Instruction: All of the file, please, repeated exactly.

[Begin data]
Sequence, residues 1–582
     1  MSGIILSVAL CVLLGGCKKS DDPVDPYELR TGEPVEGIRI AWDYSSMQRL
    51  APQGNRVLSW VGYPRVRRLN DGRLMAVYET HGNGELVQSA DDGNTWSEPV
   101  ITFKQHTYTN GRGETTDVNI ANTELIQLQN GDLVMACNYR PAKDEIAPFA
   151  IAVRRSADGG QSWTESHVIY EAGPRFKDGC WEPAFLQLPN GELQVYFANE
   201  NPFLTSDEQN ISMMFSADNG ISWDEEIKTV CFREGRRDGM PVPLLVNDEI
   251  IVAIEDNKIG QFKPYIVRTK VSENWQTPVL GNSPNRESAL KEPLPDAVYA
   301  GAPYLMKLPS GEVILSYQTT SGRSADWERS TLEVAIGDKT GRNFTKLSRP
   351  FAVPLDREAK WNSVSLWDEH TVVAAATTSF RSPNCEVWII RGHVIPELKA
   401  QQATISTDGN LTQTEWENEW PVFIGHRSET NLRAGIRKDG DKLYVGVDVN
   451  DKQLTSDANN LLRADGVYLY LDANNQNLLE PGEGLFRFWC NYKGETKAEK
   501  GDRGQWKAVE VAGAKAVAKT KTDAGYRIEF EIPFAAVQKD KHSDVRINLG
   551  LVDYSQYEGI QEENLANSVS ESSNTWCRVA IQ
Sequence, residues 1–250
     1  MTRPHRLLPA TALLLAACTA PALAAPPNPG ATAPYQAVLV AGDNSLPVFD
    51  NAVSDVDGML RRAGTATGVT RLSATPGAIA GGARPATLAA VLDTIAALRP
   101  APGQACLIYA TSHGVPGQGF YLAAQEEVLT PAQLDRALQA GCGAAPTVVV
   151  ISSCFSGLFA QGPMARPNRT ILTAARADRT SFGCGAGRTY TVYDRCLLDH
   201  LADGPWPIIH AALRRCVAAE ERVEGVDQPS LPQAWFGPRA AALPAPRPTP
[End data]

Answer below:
Sequence, residues 1–582
     1  MSGIILSVAL CVLLGGCKKS DDPVDPYELR TGEPVEGIRI AWDYSSMQRL
    51  APQGNRVLSW VGYPRVRRLN DGRLMAVYET HGNGELVQSA DDGNTWSEPV
   101  ITFKQHTYTN GRGETTDVNI ANTELIQLQN GDLVMACNYR PAKDEIAPFA
   151  IAVRRSADGG QSWTESHVIY EAGPRFKDGC WEPAFLQLPN GELQVYFANE
   201  NPFLTSDEQN ISMMFSADNG ISWDEEIKTV CFREGRRDGM PVPLLVNDEI
   251  IVAIEDNKIG QFKPYIVRTK VSENWQTPVL GNSPNRESAL KEPLPDAVYA
   301  GAPYLMKLPS GEVILSYQTT SGRSADWERS TLEVAIGDKT GRNFTKLSRP
   351  FAVPLDREAK WNSVSLWDEH TVVAAATTSF RSPNCEVWII RGHVIPELKA
   401  QQATISTDGN LTQTEWENEW PVFIGHRSET NLRAGIRKDG DKLYVGVDVN
   451  DKQLTSDANN LLRADGVYLY LDANNQNLLE PGEGLFRFWC NYKGETKAEK
   501  GDRGQWKAVE VAGAKAVAKT KTDAGYRIEF EIPFAAVQKD KHSDVRINLG
   551  LVDYSQYEGI QEENLANSVS ESSNTWCRVA IQ
Sequence, residues 1–250
     1  MTRPHRLLPA TALLLAACTA PALAAPPNPG ATAPYQAVLV AGDNSLPVFD
    51  NAVSDVDGML RRAGTATGVT RLSATPGAIA GGARPATLAA VLDTIAALRP
   101  APGQACLIYA TSHGVPGQGF YLAAQEEVLT PAQLDRALQA GCGAAPTVVV
   151  ISSCFSGLFA QGPMARPNRT ILTAARADRT SFGCGAGRTY TVYDRCLLDH
   201  LADGPWPIIH AALRRCVAAE ERVEGVDQPS LPQAWFGPRA AALPAPRPTP